Not very adventurous.
The battle between good and evil is as old as time itself, so it's no surprise to see it showing up in Microsoft's new action/RPG, Sudeki. The gods of light and dark are vying for control of Haskilla, yet it's up to a soldier, a princess, a scientist and a beast-woman to ultimately decide the fate of the world.
You'll start off as Tal, an officer in the elite guard of the kingdom of Illumina. As you progress through your adventure, you'll be joined by Illumina's Princess Alish, Chief Science Officer Elco, and Buki, the anthropomorphic Shadani warrior. Using these four, you'll engage a variety of enemies in both first and third person combat. With some cool weapons, a little magic and a heaping helping of teamwork, you might make it through this thing in one piece.
Sudeki provides players with plenty of action to go along with character management and stat building. It still generally follows the old RPG convention of traveling from town/dungeon/town/dungeon, but that doesn't seem to bog down the flow of the game too much. For the most part, it's all about the battles.
The combat is in real-time and takes place in both first- and third-person depending upon which character is currently being controlled. Tal and Buki are the melee fighters and fight from the third-person perspective, while Alish and Elco serve as the ranged fighters shooting from first-person. You can swap between the characters at the press of a button and special techniques/spells are executed from a pop-up menu. Melee fighters are equipped with a selection of horizontal and vertical attacks along with timing-based combinations, while ranged fighters have the added ability to switch weapons on the fly to match the situation. The combination of these gameplay styles gives Sudeki a distinct flavor, and at times is its greatest asset.
Unfortunately, battles occur in these irritating little 'arenas.' You'll be traipsing through the countryside minding your own business when all of a sudden a wall of thorns springs up from the ground and blocks the path in front and behind you. Enemies teleport into view and the fight begins. Even the dungeon crawls do the same, only with locked doors and gates in place of the wall of thorns. Walk a little, watch enemies get warped in, and fight for a bit. Wring hands thoroughly and repeat often. This system creates noticeable seams in the adventure and interrupts the flow of the game.
Another battle boo-boo is the inability to lock-on to an enemy while using the third-person melee characters. First-person shooting is no problem, but trying to face a specific enemy while running around with a big sword/claws is a chore. Stop for too long and you're toast. Keep running and you'll have a tough time trying to actually hit your opponent. Oh, the horror.
There are also problems with the item/magic/super technique menu. Bringing it up only slows down time rather than stopping it, which can have disastrous results. You'll need to keep a close eye on your comrades, since getting them the appropriate items might take a few extra seconds as you scroll through a large item list. Hold on guys, I know I've got that healing potion in here somewhere! To be fair, they included the ability to use the D-pad as a shortcut for up to four items, but often the situation will call for something that you just didn't plan out.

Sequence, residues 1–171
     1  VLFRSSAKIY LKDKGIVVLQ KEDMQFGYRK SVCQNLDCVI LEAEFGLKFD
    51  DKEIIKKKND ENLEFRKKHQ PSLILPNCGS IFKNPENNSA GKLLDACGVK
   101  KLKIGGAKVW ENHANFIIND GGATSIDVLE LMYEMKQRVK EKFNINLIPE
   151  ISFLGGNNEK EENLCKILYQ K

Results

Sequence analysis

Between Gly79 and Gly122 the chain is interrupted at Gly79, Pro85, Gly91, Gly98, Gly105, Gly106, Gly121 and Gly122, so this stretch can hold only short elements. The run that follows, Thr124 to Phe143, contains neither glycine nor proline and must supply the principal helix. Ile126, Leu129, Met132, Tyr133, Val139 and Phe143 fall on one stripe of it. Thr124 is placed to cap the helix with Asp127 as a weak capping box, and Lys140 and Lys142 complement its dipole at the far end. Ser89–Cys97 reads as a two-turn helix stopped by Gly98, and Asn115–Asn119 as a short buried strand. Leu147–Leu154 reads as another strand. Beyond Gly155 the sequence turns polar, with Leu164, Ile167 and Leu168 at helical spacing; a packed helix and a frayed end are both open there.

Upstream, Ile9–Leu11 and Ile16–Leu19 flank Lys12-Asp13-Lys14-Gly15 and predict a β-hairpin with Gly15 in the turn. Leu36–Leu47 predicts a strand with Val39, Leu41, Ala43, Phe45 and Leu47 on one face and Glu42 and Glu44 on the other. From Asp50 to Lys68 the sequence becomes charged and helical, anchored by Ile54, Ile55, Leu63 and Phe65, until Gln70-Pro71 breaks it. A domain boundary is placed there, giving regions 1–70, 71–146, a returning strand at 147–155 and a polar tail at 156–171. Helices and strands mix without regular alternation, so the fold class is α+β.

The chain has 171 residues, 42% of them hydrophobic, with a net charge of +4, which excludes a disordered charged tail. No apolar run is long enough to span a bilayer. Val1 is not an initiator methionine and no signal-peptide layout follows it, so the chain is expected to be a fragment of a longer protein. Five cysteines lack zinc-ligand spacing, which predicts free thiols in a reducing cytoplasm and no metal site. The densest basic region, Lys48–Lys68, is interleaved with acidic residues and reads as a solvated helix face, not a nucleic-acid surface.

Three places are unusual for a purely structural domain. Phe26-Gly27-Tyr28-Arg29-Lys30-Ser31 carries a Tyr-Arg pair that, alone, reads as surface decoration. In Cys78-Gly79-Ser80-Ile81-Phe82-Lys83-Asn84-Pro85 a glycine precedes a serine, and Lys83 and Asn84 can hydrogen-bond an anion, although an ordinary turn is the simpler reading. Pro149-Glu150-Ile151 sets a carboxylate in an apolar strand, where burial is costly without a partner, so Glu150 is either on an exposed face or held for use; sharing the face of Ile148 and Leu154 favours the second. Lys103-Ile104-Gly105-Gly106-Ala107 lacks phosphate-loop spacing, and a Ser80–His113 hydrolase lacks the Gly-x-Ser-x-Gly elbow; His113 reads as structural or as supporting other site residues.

Despite these irritating combat glitches, the game does provide some inspired moments and manages to dish out enough classic role-playing gameplay to at least entertain for a while. However, Sudeki's biggest fault is its linearity. The world might seem large and colorful, but you're basically confined to a single path punctuated by the aforementioned battle arenas. Some side quests that usually involve collecting one item or another exist to break up the monotony, but their value to the overall game experience is minimal. Compared to other Xbox RPGs like Star Wars: KOTOR or Morrowind,Sudeki ain't even in the ballpark.
To its credit, Sudeki does have a few other things going for it, not the least of which is its four-character party approach. Unlike many party-based RPGs, the game splits up the group of heroes from time to time, allowing each character's storyline to develop a little more than if the group stayed together the whole time. Also nice is the ability to customize weapons and armor with magical runes. Just head over to the local weaponsmith and bless your steel with the power to protect against curses, steal life or boost combat damage.
Another feather in Sudeki's cap is its excellent graphics. Haskilla is a pretty place, with bright colors, beautiful landscapes and high-poly denizens. A good use of shadows and interesting environmental designs keep you immersed in the world. If only the rest of the game was as well-polished as the visuals.
The audio certainly isn't. Both player and NPC characters are fully-voiced, which, in theory, is great. In practice, however, the voices are annoying and uninspired. Background tracks do their job well enough, but there are these occasional gaps during a battle where everything just goes silent. The jury is out on this one.
With an overly linear structure and a problematic battle system, Sudeki has its fair share of issues. But these are far from being showstoppers and the game does enjoy a decent helping of action/RPG gameplay. If you've got the craving and can look beyond its few annoying qualities, Sudeki might be worth a peek. Anyone less forgiving will want to spend their skill points elsewhere.